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A Guide to Agents
A "Boutique Literary Agency":
A Website Case Study of Adams Literary
Let people know:
In my article Finding and Choosing Literary Agents I suggest that one way to learn about an agent is to review their website. Here is a website from a smaller agency founded in 2004, and more focused than larger firms such as Writers House. Adams Literary is a family agency--the principals are wife and husband. Though their site is different in some ways from what you'll see from a more established agency, it is easily distinguishable from an agency that isn't really an agency. Watch for what you could call "signals of quality."
Impressions: The site itself is simply laid out, using an attractive template. On the home page, a few paragraphs introduce the agency, making it clear that they are a children's book agency, among other things. To one side, I see a slide show of jackets from what I quickly learn are recent books by agency clients. Good signs already--no hard sell, and evidence that this is an agency that makes sales.
Qualifications: The bios of the three agents on staff are easy to find. Tracey Adams, the chief public face of the agency, has impressive qualifications, having worked at two well-known literary agencies, and for Margaret McElderry Books. Her husband Josh has also editorial experience, and a business/media background as well--useful at a small agency. Quinlan Lee is a published author and also has business experience. These are the kinds of qualifications you want to see.
Clients: Information about the clients of the agancy is located in an entire section of the site dedicated to them, which not only lists all clients from the well-known to the not-yet-published, but includes bios, website links, and book lists (with an appropriate disclaimer that not all of the books listed were represented by the agency). If you want to ask any of them about their experiences with the agency, that won't be hard to do. Again, information about existing clients is a clear sign of quality.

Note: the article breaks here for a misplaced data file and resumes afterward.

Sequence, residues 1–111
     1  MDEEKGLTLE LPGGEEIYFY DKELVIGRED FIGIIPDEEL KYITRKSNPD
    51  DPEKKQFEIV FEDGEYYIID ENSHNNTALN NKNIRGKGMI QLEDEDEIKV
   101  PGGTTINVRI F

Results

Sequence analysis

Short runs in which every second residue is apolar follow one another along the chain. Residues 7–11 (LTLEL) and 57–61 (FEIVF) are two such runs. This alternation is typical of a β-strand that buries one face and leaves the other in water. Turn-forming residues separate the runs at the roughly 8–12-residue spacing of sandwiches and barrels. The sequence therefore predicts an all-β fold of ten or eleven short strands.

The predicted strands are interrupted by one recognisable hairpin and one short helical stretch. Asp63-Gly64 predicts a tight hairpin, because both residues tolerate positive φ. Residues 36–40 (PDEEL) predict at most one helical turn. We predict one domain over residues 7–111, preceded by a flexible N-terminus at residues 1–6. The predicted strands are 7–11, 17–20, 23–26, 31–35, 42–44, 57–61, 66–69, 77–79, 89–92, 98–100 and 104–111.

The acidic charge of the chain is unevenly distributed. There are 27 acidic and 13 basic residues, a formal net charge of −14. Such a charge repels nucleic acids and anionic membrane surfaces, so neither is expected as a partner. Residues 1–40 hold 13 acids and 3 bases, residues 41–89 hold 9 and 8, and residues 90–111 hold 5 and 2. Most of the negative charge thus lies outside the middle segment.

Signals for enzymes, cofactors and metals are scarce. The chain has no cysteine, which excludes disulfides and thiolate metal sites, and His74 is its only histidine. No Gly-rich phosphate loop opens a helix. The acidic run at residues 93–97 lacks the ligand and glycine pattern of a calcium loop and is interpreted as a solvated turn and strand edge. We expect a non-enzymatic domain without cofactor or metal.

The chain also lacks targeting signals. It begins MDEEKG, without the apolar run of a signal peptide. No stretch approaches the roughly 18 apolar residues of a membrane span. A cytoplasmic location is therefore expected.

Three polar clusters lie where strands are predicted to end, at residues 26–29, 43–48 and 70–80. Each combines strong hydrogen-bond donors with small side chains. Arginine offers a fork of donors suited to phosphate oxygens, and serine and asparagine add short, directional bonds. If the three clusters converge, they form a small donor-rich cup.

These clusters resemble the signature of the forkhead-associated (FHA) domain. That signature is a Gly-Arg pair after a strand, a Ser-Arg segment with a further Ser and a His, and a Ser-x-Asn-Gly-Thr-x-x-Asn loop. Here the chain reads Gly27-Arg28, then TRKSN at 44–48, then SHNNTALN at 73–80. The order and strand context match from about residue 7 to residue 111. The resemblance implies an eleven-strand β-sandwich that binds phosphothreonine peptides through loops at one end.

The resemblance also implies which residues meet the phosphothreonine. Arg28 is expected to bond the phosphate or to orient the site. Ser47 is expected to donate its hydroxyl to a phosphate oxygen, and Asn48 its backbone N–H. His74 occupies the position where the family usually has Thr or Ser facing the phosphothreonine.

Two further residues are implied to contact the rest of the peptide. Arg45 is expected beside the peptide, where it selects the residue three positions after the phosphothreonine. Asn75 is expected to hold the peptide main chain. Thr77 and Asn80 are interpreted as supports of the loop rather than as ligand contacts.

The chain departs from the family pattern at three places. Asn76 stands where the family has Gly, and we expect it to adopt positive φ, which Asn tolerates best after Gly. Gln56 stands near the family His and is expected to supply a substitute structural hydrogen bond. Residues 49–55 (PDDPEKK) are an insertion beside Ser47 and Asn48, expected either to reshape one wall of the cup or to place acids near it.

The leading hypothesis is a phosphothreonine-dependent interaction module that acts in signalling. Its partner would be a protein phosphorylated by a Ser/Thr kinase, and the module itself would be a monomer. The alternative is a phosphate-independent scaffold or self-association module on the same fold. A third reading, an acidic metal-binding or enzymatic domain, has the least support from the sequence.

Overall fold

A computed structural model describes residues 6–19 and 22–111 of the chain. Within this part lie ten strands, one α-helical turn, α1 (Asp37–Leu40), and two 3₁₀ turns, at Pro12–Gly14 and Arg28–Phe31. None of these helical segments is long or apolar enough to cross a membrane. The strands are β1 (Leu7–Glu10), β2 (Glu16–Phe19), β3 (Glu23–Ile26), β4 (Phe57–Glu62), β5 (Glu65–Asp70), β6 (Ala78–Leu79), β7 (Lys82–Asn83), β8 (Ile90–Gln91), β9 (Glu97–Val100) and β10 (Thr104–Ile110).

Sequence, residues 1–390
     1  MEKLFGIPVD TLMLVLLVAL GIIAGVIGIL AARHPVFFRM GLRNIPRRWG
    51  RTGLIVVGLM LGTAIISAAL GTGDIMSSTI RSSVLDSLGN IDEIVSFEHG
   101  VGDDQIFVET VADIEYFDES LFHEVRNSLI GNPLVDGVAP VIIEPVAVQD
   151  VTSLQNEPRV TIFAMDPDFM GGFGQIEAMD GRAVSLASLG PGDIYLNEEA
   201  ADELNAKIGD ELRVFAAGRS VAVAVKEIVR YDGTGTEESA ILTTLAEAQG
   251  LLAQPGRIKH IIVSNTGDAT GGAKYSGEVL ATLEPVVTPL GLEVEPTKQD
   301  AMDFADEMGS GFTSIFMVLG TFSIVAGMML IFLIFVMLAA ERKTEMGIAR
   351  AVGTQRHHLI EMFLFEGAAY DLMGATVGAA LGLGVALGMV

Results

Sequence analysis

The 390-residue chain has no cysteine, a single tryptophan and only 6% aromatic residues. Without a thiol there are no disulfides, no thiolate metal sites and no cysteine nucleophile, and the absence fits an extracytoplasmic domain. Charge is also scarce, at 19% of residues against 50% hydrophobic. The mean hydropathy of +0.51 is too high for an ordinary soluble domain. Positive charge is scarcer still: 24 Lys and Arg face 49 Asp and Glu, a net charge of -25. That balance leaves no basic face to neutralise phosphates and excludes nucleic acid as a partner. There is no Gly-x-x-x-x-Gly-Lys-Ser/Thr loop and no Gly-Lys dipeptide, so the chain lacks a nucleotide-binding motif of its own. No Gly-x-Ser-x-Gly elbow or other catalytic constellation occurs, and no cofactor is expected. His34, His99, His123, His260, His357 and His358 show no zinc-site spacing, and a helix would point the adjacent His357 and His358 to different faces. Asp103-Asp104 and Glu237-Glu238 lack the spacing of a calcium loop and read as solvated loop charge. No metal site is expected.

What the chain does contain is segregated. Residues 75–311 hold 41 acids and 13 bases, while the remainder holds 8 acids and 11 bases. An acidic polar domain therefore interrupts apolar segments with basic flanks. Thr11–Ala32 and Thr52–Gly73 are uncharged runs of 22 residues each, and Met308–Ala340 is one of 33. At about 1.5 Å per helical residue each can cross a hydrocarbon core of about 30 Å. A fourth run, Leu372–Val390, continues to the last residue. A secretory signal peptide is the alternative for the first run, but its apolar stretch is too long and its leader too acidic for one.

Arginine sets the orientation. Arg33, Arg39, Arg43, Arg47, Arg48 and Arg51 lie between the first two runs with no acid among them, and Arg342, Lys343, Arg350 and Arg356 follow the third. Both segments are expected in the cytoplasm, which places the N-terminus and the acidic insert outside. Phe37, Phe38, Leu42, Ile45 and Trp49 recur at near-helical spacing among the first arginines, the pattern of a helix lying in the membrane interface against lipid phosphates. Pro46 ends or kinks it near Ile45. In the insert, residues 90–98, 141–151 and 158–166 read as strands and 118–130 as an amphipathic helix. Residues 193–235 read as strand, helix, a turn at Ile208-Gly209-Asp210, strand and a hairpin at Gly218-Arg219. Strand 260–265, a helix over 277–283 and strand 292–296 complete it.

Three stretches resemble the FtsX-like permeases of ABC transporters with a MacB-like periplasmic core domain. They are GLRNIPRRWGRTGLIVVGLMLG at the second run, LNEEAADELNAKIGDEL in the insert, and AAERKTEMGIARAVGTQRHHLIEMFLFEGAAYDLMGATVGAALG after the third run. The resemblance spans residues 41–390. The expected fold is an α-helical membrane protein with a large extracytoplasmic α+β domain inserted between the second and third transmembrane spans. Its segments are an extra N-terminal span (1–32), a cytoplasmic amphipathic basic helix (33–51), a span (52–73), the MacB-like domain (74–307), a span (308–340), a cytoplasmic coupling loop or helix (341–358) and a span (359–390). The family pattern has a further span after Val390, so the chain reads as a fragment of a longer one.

Other sections of the site showcase recent releases and art by illustrator clients.
Terms: Submissions information is clear and complete, and a form for submissions is easy to use. Adams Literary gives a general statement about how they work with clients, but does not include information about commission rates, which I'd like to see. Still, from everything I've seen on the site I can assume they follow the industry-standard 15% rate, and I'll be surprised if that is not the case.
Conclusions: This site has all the information I would expect to find on a legitimate agency's website, and none of the red flags I've learned to associate with agencies to avoid. And that's not surprising, as you can find Adams Literary listed in the standard guides to agents (which you should always consult if you aren't familiar with an agency, even if it looks fine). On top of that, the agency's site provides information and an introduction to the people behind the name, which helps a writer know what it might be like to work with them, before contacting them.
For comparison purposes, some other "boutique agencies" I know are Barry Goldblatt Literary, Dunham Literary, Herman Agency, The McVeigh Agency, Red Fox Literary, and Scott Treimel NY. You'll see some differences, but if you browse through the websites you will start to develop a sense of what to look for in a website for an agent you don't know.
Information given here is based on visits to the Adams Literary site during the second week of September, 2011.
Disclosure: I know and like the principals of Adams Literary, Tracey and Josh Adams, but decided that I shouldn't let that stand in the way of using their agency's website as a case study; it is a good example of an independent agency's site, and, after all, I do know a lot of agents.
Writers House study | Shady agency study
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